5G networks will bring considerable changes to smart cities, thanks to AI, automation, and IoT improvements. They will enhance services like traffic management systems, essential communication services, and city-wide surveillance schemes. Enhanced communication can boost both the economy and the environment, helping, e.g., power grids increase or reduce power supplies more accurately.
The rise of IoT with 5G will also mean more devices connected and a larger amount of data produced. Smart cities will then need networks able to handle a higher volume of data to achieve full potential.
5G can also enhance public safety. From communications systems used by the police, fire and rescue service, and paramedics to surveillance systems integrated with an AI that can, e.g., improve facial recognition technologies.
This was a small overview of what can be achieved with 5G in smart cities. Now, let's have a look at its infrastructure and requirements. An analysis made by McKinsey about the 5G infrastructure grouped what will change its requirements in three categories: enhanced mobile broadband, IoT, and mission-critical applications.
Since many components of 5G are built on 4G networks, mobile operators could at the beginning, e.g., upgrade their existing 4G macro network either by acquiring more spectrum or reframing a part of the 3G and 2G spectrum. By doing so, they will evolve to LTE-and LTE-Pro features, delaying investments in 5G. When the upgrades are no longer enough, the operators will need to build new small cells or macro sites.
McKinsey also identified some trends for all network domains. Regarding the spectrum, its race will continue across high and low bands. Mobile providers have tested a spectrum between 2.5 and 80 gigahertz for 5G, but most of them want to acquire 3.5 gigahertz bands over the short-to-medium term, followed by 26 and 28 gigahertz bands. Of course, operators will need to deal with certain propagations limits if they keep a 3.5 gigahertz spectrum. Antennas and radio interfaces will also need to be improved to increase the efficiency of a new spectrum.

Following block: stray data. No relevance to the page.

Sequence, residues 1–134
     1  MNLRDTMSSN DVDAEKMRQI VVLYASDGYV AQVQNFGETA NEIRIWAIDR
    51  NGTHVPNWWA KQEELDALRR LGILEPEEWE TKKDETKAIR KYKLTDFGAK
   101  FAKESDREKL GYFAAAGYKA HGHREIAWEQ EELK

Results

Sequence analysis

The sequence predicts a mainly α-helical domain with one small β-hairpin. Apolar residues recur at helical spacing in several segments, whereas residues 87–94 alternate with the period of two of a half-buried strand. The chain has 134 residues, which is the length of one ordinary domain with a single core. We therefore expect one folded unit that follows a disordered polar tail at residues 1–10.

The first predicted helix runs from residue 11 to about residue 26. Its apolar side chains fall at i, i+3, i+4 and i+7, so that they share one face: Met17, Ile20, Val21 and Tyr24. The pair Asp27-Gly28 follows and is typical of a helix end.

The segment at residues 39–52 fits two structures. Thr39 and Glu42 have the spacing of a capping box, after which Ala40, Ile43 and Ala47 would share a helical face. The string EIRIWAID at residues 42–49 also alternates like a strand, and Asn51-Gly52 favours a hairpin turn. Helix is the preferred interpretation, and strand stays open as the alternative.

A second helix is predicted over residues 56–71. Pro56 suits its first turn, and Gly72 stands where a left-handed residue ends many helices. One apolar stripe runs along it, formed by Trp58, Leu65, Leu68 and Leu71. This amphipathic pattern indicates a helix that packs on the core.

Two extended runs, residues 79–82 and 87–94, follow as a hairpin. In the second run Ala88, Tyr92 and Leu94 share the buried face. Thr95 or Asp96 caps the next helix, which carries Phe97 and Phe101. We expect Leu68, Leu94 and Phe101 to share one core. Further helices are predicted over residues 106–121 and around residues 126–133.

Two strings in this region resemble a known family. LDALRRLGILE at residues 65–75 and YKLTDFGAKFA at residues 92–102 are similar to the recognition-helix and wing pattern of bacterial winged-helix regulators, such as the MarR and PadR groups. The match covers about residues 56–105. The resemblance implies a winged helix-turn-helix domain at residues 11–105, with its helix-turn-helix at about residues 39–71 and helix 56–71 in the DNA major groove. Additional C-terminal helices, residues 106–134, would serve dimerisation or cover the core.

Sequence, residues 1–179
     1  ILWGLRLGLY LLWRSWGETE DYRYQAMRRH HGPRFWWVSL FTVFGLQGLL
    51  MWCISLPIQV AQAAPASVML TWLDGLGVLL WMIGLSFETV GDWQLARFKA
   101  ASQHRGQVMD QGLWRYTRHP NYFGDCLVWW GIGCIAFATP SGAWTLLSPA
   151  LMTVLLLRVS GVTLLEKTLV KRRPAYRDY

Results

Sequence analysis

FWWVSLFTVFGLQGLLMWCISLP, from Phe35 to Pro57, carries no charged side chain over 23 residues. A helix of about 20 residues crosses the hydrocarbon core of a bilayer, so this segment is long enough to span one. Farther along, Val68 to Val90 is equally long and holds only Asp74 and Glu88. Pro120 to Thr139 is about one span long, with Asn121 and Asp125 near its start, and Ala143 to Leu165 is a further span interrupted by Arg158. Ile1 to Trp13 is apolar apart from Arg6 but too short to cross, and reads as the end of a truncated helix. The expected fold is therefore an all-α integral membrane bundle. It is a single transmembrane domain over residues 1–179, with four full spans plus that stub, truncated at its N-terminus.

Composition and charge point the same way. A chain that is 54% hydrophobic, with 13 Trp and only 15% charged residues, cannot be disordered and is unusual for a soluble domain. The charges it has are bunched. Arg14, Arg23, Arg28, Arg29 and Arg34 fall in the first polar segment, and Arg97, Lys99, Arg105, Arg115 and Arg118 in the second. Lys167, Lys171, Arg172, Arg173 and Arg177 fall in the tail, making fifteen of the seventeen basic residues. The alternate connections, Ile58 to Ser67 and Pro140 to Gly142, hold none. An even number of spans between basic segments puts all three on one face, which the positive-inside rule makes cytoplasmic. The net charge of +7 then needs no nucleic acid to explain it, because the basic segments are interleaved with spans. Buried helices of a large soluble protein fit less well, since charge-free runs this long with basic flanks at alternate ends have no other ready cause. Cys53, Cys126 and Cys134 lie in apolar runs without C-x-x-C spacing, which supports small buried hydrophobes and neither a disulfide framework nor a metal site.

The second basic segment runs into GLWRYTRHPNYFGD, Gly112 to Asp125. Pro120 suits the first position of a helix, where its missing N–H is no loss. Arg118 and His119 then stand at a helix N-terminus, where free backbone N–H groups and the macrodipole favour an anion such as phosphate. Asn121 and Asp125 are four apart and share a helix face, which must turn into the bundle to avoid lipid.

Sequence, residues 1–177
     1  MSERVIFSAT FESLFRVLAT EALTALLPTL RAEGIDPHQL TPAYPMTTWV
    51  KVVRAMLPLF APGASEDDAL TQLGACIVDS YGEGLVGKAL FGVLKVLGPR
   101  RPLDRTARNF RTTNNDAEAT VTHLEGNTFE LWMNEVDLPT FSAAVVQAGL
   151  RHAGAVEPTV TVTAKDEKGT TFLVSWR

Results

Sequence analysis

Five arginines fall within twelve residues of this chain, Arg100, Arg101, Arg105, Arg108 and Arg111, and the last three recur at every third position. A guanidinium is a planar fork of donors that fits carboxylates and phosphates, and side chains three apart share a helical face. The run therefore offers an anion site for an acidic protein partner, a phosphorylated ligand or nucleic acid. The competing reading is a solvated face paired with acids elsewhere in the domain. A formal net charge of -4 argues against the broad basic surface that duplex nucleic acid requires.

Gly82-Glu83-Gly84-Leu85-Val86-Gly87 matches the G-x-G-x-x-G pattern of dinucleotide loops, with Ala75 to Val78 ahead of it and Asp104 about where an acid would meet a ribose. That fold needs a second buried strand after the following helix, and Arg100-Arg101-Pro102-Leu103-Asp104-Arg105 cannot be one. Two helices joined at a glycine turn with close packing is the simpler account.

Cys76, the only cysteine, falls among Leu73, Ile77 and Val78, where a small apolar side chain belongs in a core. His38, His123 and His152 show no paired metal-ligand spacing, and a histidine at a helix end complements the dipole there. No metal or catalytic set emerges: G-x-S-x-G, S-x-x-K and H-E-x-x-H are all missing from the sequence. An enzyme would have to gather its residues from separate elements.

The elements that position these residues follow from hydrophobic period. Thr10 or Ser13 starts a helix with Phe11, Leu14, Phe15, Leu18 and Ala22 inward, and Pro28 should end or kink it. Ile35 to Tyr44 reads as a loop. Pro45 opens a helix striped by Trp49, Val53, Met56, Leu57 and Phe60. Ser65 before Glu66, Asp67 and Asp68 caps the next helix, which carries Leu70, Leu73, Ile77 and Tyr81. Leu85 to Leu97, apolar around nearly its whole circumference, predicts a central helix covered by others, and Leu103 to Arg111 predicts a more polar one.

To satisfy urban capacity, operators will shift toward small-cell solutions. This will be necessary for all high populated areas due to the traffic concentration and the use of higher spectrum bands. Another trend that will become essential is a fiber-only transmission which is essential to support small-cell deployment in urban areas. Last but not least, the core networks evolved from circuit and packet switching toward converged structures, benefitting from broader IT advances like software-defined networking.
What is inevitable is the increase in infrastructure costs. As we said before, it is possible to delay a little bit 5G investments with network upgrades. But sooner or later, operators will need to increase infrastructure spending due to the growing traffic. Between 2020 and 2025, small-cells, macro sites, and 5G layers will be the main cause of network spend.
It is necessary to develop strategies to cope with this growth. Already with the launch of 4G, we have experienced significant infrastructure investments that opened mind-blowing opportunities. Apart from cost-saving efforts, mobile operators need to consider other approaches like network sharing and new revenue models to find out the best strategy that suits their needs.
For Forbes, 2021 will be a year of transition of 5G infrastructure to SA (standalone) rather than NSA (non-standalone) that depends on a 4G infrastructure, which cannot completely satisfy people’s expectations for 5G. There are features like network slicing, which are not possible with an NSA.
5G will be a long-term revolution, as 4G was. While there could be cheaper solutions or upgrades at the beginning, sooner or later, every telecommunication provider will need to have a SA 5G network if they want to maximize the user experience.
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